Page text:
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    Fire at Micron’s Taichung, Taiwan facility may affect memory prices

    Micron Taiwan

    Source: Toms Hardware

    Taiwan’s Taichung City Fire Department was dispatched to Micron’s Houli plant in Taiwan yesterday, as there was a fire due to a leak in the high-pressure gas cylinder in the supply room. Investigations are underway, but there are no injuries or casualties reported. 

    According to the reports from the Taichung City Fire Bureau, dozens of firefighters were dispatched to the Micron plant which had its emergency response team working onsite. The workers were immediately evacuated. The site’s automatic fire extinguishing system helped to put out the fire, and the leak was reportedly contained quickly. Reports indicate that around two square meters of space was burned as a result. Additional investigation is still underway to find the cause of the high-pressure gas leak. 

    These kinds of mass production facilities typically have state-of-the-art alert and suppression systems with an in-house response team onsite. More importantly, due to the series of alerts and responses, the safety of its workers and contractors has not been compromised. It is also confirmed that despite the damage, none of the operations have been affected and the facility is therefore functioning normally.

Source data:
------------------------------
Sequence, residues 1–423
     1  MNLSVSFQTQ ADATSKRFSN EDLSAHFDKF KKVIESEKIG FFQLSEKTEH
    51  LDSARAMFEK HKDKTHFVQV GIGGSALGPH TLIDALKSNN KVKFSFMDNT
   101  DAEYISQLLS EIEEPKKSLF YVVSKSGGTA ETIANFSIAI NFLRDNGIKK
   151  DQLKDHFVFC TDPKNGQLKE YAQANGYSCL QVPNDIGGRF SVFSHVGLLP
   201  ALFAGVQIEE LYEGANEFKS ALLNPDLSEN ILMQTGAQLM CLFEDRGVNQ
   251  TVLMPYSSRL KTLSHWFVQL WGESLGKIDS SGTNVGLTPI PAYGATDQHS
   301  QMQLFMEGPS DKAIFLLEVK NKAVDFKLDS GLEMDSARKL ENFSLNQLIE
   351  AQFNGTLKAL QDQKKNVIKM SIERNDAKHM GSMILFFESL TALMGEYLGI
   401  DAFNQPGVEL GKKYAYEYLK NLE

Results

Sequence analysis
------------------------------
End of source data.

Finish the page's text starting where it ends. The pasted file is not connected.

The worst-case scenario could have affected manufacturing and subsequently, prices of memory modules globally, similar to the situation with SK Hynix’s plant in China. At that facility, they were able to extinguish the fire in two hours, and resumed operations partially after a few days, resulting in its memory pricing increasing up to 19% in 2013. 

    A few months ago, we visited Micron’s Taichung facility which has three memory chip production buildings, with the most recent A3 fab being constructed in 2021. Along with its facilities operating in Taiwan, Malaysia and Japan, Micron has several expansion plans for the United States, as it will receive $6 billion from the US government which will be using EUV-based process technology and ready for operation in a decade.

    Micron Memory currently manufactures a series of memory modules from DDR5 to GDDR6X for DIMMs, SO-DIMMs, and the latest LPCAMM2 memory modules for upcoming laptops and perhaps motherboards. This facility is also the company’s largest manufacturing plant for HBM chips, which also tests and assembles HBM3E stacks. Once its plant in Hiroshima begins its operations in 2027, the facility is scheduled to make 1-gamma DRAM